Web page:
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1A member of an indigenous people of North Africa. The majority of Berbers are settled farmers or (now) migrant workers.
- ‘There are similar differences of outlook, part cultural, part economic even between such apparently closely related peoples as the Berbers of North Africa, and between them and the Sub-Saharan peoples.’
- ‘After the first invasion of 711, the Muslim forces, mostly made up of Berbers from North Africa but largely led by Arabs, swept through the country.’
- ‘It has been settled by, and has absorbed attributes from, the Berbers, Arabs, Muslims, Jews, Christians, and Africans.’
- ‘Like the Berbers of North Africa they are known for an uncomplicated, open and honest style of life which is combined with such a passion for trading that Haussa has become the lingua franca of merchants over a wide area of central Africa.’
- ‘There were Copts and Berbers in North Africa when the Arabs came and Byzantine Christians when Turks entered Asia Minor.’
- ‘Tuareg, Fulani, Berbers, Soninke, and Songhai lived side by side, in peace and harmony, bound together by their belief in Allah, the Qur'ân and the Sunnah of the Prophet Muhammad.’
- ‘Rather closer to home the Spanish also destroyed much of the culture of the Guanches, native inhabitants of the Canary Islands and descendants of the Berbers from nearby North Africa.’
- ‘The first people to have contact with the Berbers were probably the Phoenicians, who invaded northern Africa in the twelfth century B.C.E.’
- ‘North Africa has a lot of Berbers, who are Muslim but do not speak Arabic as their mother tongue.’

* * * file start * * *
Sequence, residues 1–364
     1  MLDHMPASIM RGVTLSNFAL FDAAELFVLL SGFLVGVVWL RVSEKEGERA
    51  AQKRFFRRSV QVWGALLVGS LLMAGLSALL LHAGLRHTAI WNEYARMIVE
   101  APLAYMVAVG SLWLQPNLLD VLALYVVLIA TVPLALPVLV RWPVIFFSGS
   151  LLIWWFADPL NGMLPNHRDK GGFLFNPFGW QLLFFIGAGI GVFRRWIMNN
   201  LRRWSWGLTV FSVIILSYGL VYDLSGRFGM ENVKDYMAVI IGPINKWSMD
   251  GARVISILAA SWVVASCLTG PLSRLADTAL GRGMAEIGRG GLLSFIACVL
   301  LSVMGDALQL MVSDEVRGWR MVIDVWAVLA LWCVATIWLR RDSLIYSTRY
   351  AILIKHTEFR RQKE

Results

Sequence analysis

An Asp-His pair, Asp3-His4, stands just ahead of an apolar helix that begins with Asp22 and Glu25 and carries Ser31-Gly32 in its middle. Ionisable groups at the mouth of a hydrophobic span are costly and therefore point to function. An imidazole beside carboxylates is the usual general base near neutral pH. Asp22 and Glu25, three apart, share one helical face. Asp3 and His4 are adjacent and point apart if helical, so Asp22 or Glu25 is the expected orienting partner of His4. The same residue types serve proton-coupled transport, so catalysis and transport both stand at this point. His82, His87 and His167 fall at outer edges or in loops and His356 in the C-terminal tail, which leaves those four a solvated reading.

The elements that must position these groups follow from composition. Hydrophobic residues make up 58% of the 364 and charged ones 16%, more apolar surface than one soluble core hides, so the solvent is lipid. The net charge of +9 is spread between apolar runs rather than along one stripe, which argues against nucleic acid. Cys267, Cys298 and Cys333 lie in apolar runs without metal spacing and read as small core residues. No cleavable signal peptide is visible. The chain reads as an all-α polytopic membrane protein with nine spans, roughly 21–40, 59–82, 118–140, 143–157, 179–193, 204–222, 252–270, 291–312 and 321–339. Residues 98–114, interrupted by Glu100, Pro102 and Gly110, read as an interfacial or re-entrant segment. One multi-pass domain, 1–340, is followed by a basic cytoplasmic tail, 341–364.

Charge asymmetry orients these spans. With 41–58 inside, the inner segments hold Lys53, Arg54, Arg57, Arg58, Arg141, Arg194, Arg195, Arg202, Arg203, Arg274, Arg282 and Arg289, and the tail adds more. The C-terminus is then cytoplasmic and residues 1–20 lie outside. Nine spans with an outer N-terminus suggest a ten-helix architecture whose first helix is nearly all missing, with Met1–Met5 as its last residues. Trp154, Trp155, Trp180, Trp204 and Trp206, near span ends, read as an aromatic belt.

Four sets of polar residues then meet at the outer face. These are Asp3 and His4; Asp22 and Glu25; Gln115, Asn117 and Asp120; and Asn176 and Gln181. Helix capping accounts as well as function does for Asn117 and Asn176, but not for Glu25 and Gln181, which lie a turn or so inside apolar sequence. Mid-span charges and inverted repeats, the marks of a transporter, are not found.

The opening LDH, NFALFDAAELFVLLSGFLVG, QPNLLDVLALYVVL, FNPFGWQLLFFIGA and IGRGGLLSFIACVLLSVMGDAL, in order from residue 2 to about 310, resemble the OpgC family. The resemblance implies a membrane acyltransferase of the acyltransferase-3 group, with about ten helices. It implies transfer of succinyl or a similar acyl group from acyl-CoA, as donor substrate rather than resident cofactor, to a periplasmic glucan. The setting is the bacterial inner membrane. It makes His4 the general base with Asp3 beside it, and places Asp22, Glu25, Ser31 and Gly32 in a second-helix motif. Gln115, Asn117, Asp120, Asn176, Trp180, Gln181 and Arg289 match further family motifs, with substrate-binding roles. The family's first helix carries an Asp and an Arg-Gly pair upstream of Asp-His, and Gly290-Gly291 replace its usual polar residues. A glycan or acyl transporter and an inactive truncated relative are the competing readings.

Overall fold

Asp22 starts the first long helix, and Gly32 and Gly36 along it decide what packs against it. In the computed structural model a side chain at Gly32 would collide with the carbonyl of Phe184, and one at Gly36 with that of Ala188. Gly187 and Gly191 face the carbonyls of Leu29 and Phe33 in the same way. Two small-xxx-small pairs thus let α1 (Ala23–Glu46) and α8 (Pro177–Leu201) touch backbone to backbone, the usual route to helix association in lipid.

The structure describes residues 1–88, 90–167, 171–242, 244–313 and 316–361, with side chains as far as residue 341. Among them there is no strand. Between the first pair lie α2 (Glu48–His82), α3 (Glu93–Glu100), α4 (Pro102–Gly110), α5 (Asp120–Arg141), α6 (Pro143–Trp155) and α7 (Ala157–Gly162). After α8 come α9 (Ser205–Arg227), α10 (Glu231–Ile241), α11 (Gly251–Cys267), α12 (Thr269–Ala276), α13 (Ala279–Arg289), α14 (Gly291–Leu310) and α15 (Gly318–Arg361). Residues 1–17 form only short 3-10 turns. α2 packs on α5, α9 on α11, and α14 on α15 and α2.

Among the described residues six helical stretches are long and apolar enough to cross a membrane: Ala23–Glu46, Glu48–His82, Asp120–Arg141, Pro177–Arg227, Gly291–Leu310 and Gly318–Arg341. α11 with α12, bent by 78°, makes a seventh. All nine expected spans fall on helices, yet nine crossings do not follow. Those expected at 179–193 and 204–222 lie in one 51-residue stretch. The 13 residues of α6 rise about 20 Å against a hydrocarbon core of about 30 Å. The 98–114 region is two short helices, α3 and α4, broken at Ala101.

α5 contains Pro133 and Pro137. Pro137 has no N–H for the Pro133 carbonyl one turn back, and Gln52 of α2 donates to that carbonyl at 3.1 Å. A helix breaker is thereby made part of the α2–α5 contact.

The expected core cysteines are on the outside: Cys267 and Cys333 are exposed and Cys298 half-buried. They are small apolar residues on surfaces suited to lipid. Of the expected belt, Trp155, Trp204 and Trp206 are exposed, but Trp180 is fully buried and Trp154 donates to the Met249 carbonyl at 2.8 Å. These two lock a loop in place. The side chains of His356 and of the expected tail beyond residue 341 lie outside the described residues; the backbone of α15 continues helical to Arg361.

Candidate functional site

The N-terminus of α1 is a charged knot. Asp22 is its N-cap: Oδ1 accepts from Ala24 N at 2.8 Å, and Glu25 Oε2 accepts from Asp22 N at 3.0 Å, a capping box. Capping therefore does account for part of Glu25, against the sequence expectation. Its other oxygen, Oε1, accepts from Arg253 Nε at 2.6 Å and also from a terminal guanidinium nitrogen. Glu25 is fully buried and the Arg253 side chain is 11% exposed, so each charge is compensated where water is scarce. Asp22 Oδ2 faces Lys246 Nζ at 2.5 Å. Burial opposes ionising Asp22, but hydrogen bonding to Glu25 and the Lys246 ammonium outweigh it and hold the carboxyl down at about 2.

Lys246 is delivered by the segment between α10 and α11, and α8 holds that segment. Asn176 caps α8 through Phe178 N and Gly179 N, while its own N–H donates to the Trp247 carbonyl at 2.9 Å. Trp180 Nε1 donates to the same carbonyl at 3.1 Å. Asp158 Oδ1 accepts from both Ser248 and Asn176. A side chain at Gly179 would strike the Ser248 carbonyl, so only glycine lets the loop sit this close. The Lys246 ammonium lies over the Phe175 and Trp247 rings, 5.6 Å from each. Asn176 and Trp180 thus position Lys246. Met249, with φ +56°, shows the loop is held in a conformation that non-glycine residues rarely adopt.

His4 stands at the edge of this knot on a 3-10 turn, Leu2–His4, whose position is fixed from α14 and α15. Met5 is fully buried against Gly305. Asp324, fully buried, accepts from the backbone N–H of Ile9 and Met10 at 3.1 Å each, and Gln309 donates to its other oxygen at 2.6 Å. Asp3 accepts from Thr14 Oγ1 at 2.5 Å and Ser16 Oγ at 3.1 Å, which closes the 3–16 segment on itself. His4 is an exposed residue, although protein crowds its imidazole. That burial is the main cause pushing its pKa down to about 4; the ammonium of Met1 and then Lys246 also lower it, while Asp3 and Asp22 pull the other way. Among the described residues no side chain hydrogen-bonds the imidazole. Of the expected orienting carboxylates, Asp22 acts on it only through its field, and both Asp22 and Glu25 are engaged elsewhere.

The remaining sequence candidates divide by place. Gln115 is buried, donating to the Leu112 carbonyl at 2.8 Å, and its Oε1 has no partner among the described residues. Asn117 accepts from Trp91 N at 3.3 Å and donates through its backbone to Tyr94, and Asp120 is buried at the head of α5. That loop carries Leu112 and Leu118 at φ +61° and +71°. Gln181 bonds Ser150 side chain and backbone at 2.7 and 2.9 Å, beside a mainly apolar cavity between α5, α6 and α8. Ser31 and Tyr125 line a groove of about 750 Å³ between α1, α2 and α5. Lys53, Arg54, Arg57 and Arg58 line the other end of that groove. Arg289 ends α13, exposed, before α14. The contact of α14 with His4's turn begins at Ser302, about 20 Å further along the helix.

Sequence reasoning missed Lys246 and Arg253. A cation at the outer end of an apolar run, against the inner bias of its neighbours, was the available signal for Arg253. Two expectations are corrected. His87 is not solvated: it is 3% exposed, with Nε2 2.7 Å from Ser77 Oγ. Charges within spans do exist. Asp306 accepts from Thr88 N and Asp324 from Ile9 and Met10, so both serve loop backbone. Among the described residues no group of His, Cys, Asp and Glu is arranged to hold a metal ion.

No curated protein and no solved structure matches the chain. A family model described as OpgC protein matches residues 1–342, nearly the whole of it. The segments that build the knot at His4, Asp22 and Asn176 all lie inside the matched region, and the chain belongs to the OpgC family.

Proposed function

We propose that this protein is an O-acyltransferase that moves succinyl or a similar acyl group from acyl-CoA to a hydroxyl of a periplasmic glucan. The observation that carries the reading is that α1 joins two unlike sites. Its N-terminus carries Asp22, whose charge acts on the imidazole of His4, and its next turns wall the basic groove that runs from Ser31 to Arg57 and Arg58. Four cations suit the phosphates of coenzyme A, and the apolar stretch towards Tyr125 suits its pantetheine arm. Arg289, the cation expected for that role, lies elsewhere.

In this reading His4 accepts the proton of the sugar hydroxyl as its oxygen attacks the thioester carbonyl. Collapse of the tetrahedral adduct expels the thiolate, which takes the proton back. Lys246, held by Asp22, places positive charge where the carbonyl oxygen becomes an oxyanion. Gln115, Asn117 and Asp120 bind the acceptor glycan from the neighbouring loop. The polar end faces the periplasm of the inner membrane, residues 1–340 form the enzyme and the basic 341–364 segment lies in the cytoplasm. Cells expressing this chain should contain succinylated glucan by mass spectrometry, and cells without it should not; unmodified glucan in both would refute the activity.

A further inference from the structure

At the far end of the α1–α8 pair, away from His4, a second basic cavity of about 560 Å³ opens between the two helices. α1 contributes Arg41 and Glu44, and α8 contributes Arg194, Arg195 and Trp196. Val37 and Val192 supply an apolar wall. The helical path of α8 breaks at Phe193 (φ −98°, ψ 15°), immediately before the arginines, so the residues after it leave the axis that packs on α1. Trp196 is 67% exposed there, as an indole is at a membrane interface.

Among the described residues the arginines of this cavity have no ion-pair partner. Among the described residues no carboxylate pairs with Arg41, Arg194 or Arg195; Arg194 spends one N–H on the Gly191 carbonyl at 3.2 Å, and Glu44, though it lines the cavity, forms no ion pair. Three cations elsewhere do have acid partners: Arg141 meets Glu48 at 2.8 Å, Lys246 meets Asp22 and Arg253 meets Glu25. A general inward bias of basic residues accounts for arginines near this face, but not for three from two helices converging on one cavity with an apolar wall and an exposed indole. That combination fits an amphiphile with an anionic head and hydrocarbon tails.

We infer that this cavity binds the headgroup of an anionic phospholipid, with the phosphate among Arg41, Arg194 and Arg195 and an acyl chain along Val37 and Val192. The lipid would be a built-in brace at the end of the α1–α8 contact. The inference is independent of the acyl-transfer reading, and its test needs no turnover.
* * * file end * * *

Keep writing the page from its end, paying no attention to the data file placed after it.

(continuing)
- ‘We heard stories about the battles between the Berbers and the Almoravids.’
- ‘The Silbo, which is thought to have been brought to the island by Berbers from North Africa, condenses Spanish into two vowels and four consonants.’
- ‘By the end of the nineteenth century, Tunisians distinguished between Moors, Turks, Jews, Berbers, Andalusians, Arabs, and various sorts of Europeans.’
- ‘More than 90 percent of the population identify themselves as Arab, with most of the remaining minority composed of Berbers and black Africans.’
- ‘Muslims, Jews and Christians, Arabs, Berbers and indigenous Spaniards all played a part in developing poetry, philosophy and music.’
- ‘Modern Tunisians are the descendants of indigenous Berbers and of people from numerous civilizations that have invaded, migrated to, and been assimilated into the population over the millennia.’
- ‘It is believed that the Tuareg are descendants of the North African Berbers, and that they originated in the Fezzan region of Libya.’
- ‘These results seem more consistent than previous ones with the known history of the Spanish occupation and the presumed relationship between the pre-occupation people and the North African Berbers.’